2017-07-15 / Front Page

Arboretum rally planned Sunday

Even as the Coudersport Arboretum Committee was meeting this week to discuss the organization’s upcoming event to celebrate the community park, many of those in attendance couldn’t help but be distracted by the ongoing battle to save the .35-acre southern section of property.

“We’re trying to raise awareness so everyone knows what’s at stake,” said committee member Chris Herzig. “Our hope is that the citizens of Coudersport will let their voices be heard and let borough officials know how feel about saving the park.”

Local citizens calling themselves “Friends of the Coudersport Arboretum” are rallying the troops in an effort to save the arboretum with their inaugural event on Sunday, July 16, at 2 pm, at the park.

It’s billed as a community get-together titled Gala in the Garden. There will be live music as well as free frankfurters and lemonade.

They hope to carry that momentum into the Coudersport Borough Council meeting, scheduled for 6:30 pm Wednesday, July 19, at the borough maintenance building on Damascus Street.

Sheetz Corporation and land developer Tom Majot are poised on one side. They are reportedly willing to offer a financial incentive of as much as $350,000 for the border area fronting Route 6, now occupied by the C&PA Railroad caboose, park entrance and landscaping.

On the other side is the Arboretum Committee, as well as a loose coalition of hundreds of petitioners, and now the Friends of the Arboretum. They are all urging Borough Council to leave the park as it is.

Two months ago, supporters of the arboretum thought the issue had been settled after Borough Council voted 4-2 to maintain the status quo. But Council members reversed course during their June meeting and voted 3-2 to entertain offers over a 90- day period.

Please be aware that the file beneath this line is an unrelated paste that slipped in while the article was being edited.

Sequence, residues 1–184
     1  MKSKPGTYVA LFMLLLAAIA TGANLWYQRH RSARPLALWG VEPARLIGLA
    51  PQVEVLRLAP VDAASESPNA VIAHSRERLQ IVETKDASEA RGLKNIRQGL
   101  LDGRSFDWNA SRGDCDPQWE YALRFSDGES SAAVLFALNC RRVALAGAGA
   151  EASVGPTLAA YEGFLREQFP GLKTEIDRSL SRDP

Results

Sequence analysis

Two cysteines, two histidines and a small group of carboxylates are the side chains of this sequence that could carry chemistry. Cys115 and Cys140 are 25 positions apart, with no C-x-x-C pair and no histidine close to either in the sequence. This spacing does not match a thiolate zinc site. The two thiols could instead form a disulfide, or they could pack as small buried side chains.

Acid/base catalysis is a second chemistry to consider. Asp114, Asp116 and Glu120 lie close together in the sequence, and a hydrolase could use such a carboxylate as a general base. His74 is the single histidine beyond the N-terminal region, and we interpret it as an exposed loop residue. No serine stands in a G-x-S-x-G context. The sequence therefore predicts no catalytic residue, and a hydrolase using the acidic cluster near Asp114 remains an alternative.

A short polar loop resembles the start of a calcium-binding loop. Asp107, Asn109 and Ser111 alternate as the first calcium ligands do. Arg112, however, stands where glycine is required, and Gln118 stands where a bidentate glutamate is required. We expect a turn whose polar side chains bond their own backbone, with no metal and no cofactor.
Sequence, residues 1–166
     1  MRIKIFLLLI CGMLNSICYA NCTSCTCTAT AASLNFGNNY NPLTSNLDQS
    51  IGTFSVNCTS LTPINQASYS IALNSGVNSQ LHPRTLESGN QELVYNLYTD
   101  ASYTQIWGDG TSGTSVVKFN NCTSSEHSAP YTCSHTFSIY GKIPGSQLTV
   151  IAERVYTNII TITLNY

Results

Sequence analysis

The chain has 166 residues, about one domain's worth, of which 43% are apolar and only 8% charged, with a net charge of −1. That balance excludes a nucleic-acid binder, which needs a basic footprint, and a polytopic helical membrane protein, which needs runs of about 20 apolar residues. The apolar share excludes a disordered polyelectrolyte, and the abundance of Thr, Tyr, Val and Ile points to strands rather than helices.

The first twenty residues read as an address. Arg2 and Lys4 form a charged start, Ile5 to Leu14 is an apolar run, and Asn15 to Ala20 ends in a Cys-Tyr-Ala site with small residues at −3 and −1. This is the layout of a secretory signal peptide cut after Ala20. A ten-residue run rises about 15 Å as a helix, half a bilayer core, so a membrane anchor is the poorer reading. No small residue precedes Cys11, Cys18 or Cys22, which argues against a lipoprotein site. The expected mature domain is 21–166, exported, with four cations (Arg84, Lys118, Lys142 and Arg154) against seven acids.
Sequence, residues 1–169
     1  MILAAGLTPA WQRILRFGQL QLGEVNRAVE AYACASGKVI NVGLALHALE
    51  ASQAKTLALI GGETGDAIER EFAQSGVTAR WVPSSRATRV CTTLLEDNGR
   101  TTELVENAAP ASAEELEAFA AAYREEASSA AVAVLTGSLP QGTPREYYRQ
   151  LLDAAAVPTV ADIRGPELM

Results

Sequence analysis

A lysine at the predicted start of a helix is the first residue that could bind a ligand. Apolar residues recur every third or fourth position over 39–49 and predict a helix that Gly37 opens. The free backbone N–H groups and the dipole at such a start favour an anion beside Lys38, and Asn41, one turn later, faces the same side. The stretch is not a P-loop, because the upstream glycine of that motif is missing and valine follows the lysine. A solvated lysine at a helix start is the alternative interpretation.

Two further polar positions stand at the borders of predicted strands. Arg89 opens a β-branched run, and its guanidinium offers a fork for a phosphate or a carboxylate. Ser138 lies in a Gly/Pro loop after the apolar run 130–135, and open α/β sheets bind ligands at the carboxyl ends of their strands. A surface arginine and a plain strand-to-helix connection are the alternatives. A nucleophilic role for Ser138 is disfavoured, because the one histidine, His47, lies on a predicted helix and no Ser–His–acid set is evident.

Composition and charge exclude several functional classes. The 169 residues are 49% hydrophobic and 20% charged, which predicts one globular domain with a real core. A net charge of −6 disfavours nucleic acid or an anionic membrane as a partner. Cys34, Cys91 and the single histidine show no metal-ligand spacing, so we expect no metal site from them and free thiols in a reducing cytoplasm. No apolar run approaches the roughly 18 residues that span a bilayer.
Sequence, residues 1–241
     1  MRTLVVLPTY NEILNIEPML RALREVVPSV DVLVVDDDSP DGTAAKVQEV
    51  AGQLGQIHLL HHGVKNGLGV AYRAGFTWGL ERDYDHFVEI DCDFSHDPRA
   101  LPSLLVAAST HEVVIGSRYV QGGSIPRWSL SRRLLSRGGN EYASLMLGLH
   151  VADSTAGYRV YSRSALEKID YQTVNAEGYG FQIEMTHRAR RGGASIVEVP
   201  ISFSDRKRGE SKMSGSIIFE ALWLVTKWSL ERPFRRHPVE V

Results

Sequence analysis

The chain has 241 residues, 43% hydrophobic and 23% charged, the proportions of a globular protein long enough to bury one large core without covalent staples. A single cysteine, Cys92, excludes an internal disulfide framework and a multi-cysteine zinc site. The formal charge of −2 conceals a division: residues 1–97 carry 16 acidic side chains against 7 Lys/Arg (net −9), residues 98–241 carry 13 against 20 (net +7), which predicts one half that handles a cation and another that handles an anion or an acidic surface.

Supporting the motion were Todd Husson, council president George Hults and Andy Bristol, who had previously voted against the measure. Dissenting votes were cast by Gene Neefe and Bryan Welsh. Councilman Rich Neefe, a supporter of keeping the Arboretum in place, was not present for the vote.

“I wasn’t shocked by the move to have another vote,” said committee chairman Wayne Wentzel. “The sale isn’t definite. It could change at the next council meeting.”

Sheetz/Majot might not be a shoo-in, but there’s little chance there would be a higher bid. Majot owns the current Sheetz lot. That company is eager to extend its store to the Arboretum entrance so it can expand its prepared food offerings and sell discount-priced beer and wine.

If the .35-acre lot sold, the borough would retain ownership of the remaining property, where the American Legion Post 192 Military Wall of Honor is located.

Potter County Redevelopment Authority (PCRA) joined the dialogue in May. Members are David Buckler, Terry Goodenough, Jeff Wilcox, Shawn Wolfinger and Phil Vaughn.

PCRA has three alternative sites where the park could be moved, with the committee’s only expense coming from the relocation of the landscaping and other features.

Herzig doesn’t see the PCRA offer as viable.

“There’s been more than $87,000 in donations put towards development and maintenance of the Arboretum over the years, and many of those trees and other plants wouldn’t survive a move,” she said.

Supporters of the Sheetz expansion plan cite increased employment opportunities and an expansion of the tax base as reasons to move forward with the sale.

Herzig also contests that suggestion.

“We’re all for promoting local businesses and increasing the tax base in the borough, but the impact of Sheetz on our economy has been questionable,” said Herzig. “Many small businesses, grocery stores and gas stations have either closed or moved since that business opened, and it’s very likely our beer distributors will feel a negative impact once Sheetz expands and is able to sell alcohol.”

Wentzel called for those who have opinions attend the July 19 Borough Council meeting and be heard.

Coudersport Area Lions Club, the Chamber of Commerce, American Legion Post 192 and Sons of the American Legion, and the Arboretum Committee, as well as many volunteers, have worked together over the years to establish the park as an aesthetically pleasing venue that’s also a heritage area recalling the Coudersport & Port Allegany Railroad.

Among the historical elements are the C&PA Railroad Depot, now the Coudersport Borough Office; the restored C&PA caboose; and a Pullman rail car similar to those that carried passengers on the local railway.

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